What is DMA (Part 3) – DMA Translation & Map Registers

Previously in this sequence I talked some about what DMA is, and some of the common models for programming DMA on a device.

Like most code, your driver usually deals with virtual addresses for data buffers.  Your DMA engine (be it slave or bus-mastering) is on the other side of the MMU and so can’t
virtual addresses very well.  You might think you should grab the physical
address of your buffer and program that onto the device instead, but that’s also
going to cause problems.  The simplest example is a 32-bit PCI card on a
64-bit system – this controller cannot handle a physical address above 4GB but
nothing stops an app from giving you buffers in this range.  Clearly you
need to be ready to do some translation1.

WDM provides a mechanism for doing this
translation – the DMA_ADAPTER object.  To get one of these for your device,
you would call IoGetDmaAdapterObject.  This takes a description of the DMA
capabilities of your device & information about your maximum transfer size and
returns to you a pointer to the DMA_ADAPTER which in turn contains pointers to
the other DMA functions you can call.  The maximum transfer size is
expressed in terms of the number of "Map Registers" that you want to allocate.

Map Registers

Map registers are an abstraction the DMA API
uses to track the system resources needed to make one page of memory accessible
by your device for a DMA transfer.  They may represent a bounce buffer – a
single page of memory which the device can access that the DMA will use to
double-buffer part of your transfer.  They could (in the world of the
future) represent entries in a page map that maps pages in the physical address
space into the device’s logical address space (another DDK term).  Or in
the case of a 32-bit adapter on a 32-bit system where there’s no need for
translation, it might represent absolutely nothing at all.  However since
you probably want to write a driver that makes your device work on any Windows
system, you should ignore this last case and focus on the ones where translation
is needed.

You’ll want to allocate enough map registers to
handle your maximum transfer size.  This limit might be exposed by your
hardware, or as a tunable parameter in the registry, or just by common sense
(you probably don’t need to transfer 1GB in a single shot now do you?). 
However since map registers can be a limited resource, you may not always get
the number you asked for (it’s an in/out parameter to IoGetDmaAdapter).  In
that case you’ll need to cut down your maximum transfer size – either rejecting
larger transfers or breaking them up into smaller pieces and staging them.

So lets say your device can handle a transfer
up to 64KB.  You ask for 16 map registers, right?  Not necessarily –
it depends on what alignment you need for the DMA.  If you can handle
buffers with byte alignment then 16 won’t quite cut it – a 64KB transfer that’s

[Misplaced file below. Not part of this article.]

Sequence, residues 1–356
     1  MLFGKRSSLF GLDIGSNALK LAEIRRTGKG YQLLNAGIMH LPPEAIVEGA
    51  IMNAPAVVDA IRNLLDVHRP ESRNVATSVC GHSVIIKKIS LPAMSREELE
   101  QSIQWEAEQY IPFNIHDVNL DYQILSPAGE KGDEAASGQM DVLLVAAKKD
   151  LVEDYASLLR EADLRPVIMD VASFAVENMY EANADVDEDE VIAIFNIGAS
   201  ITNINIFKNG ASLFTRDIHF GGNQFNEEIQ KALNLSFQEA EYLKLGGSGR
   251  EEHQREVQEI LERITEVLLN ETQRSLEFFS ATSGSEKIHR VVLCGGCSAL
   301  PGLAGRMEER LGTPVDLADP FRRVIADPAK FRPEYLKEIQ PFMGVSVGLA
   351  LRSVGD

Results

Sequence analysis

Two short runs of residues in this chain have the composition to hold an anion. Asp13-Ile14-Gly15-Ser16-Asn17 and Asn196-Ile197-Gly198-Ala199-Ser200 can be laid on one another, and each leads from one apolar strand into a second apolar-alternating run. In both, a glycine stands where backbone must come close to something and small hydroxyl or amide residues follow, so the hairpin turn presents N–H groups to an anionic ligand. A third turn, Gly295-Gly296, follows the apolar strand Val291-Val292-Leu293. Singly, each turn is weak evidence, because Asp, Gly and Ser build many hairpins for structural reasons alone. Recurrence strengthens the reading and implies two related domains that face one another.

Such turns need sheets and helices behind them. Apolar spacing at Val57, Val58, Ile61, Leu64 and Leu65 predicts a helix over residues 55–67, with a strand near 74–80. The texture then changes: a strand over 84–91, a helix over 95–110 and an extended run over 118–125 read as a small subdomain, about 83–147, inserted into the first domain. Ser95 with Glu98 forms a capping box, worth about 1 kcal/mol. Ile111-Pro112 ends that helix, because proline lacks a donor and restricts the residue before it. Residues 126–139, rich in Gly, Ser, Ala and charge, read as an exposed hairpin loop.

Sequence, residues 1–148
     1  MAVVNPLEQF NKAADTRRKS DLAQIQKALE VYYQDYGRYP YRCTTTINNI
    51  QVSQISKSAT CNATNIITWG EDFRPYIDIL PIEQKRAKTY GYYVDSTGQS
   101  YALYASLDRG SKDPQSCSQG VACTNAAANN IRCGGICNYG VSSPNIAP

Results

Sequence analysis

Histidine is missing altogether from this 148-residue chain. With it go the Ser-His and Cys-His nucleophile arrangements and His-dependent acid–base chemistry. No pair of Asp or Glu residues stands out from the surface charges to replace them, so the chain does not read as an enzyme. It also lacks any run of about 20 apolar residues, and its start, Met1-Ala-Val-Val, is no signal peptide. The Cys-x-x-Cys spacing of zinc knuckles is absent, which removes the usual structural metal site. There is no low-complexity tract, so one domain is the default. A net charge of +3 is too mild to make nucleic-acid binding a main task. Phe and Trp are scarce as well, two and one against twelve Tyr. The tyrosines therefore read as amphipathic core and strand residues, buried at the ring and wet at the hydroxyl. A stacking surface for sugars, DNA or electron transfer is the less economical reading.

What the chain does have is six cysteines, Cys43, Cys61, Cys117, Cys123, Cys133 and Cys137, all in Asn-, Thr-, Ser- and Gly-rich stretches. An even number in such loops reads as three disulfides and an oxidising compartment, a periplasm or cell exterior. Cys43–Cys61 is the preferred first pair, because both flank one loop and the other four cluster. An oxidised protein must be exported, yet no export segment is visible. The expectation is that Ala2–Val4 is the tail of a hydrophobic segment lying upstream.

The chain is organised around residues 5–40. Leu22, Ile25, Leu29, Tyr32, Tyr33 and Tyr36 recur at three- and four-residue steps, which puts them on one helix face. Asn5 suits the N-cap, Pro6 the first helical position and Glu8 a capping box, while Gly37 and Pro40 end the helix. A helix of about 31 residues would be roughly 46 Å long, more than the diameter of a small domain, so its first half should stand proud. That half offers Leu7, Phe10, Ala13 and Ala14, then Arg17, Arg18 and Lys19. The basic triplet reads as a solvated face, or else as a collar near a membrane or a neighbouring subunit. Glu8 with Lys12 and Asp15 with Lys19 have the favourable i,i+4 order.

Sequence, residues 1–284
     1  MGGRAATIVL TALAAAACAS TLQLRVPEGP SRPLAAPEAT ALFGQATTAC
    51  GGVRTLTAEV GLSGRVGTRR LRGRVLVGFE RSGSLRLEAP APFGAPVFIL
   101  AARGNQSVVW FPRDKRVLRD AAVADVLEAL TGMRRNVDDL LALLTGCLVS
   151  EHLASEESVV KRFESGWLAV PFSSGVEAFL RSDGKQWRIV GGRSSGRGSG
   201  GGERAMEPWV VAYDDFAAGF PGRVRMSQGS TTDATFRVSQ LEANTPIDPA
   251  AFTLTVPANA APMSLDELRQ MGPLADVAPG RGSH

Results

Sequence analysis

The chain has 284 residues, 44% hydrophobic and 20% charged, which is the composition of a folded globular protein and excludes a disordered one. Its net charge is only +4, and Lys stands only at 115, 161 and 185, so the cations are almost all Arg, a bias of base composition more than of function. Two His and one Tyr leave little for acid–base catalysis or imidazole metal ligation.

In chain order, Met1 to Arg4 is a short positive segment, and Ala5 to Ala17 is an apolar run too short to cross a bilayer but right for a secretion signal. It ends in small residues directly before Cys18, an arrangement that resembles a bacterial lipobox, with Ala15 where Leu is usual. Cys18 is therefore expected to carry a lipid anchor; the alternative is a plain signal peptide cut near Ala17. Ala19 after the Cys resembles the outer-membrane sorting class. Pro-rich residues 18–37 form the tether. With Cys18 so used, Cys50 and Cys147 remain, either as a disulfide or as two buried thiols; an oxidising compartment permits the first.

not page aligned will span 17 pages instead of 16.  This will ensure you
can map the entire transfer.

The DMA API keeps track of how many of your map
registers you’re using at any given time.  The functions you call to
allocate enough map registers for a DMA translation (AllocateAdapterChannel,
GetScatterGatherList & BuildScatterGatherList) keep track of how many in use and
call you back when there are sufficient resources available for the operation. 
In the ideal case (where no translation is needed), you’ll be called back
immediately.  In the degenerate case where everything requires translation
you may only be processing one request at a time.  However the nice part is
that your driver can behave the same regardless of which situation you’re in.

1-There are other conditions that can cause
this.  If you have a controller which used DAC to get at all 64-bits of
memory hooked onto a bridge that doesn’t properly support DAC (these do exist)
your card might be in 32-bit mode anyway.  Some day we may be able to block
devices from transferring to or from main memory unless the OS has granted them
access, and that will probably require some translation as well.  There are
a few exceptions to this, but for the most part just accept that you’ll have to
do some translation.

Comments (3)

  1. Darax says:

    You failed to put this in the right category.

  2. PeterWieland says:

    Thanks – i didn’t notice that.  It’s fixed now.

  3. Hi Peter,

    You’ve got great DMA stuff in here. I appreciate your taking the time to write and present it. It augments MSDN nicely…

    My question concerns safely translating an arbitrary kernel buffer (address and length) to an MDL suitable for passing to GetScatterGatherList()

    Take MS-USBD for instance: a data buffer can be submitted to USBD by MDL or transfer buffer. (See MSDN:


    I’m supporting the same "MDL or Buffer" methods for my kernel API with a PLX DMAC under the hood.

    I’ve got both MDL and Buffer methods transferring with PLX DMA, but I lack confidence for properly preparing an MDL when the caller passes a Buffer (instead of an MDL) to my API.

    I translate the caller’s Buffer to an MDL with IoAllocateMdl(). Then, if I have ‘inside knowledge’ that the caller’s buffer is from non-paged pool I call MmBuildMdlForNonPagedPool() and it works great. But there are other buffer types, and I’m not sure of my responsibilities for ensuring correct and safe MDL operations for all of them.

    My solution must safely translate *any* kernel buffer to an MDL ready to pass to GetScatterGatherList().

    Do you know of boilerplate, bulletproof code for creating a "necessary and sufficient" MDL from any kernel buffer?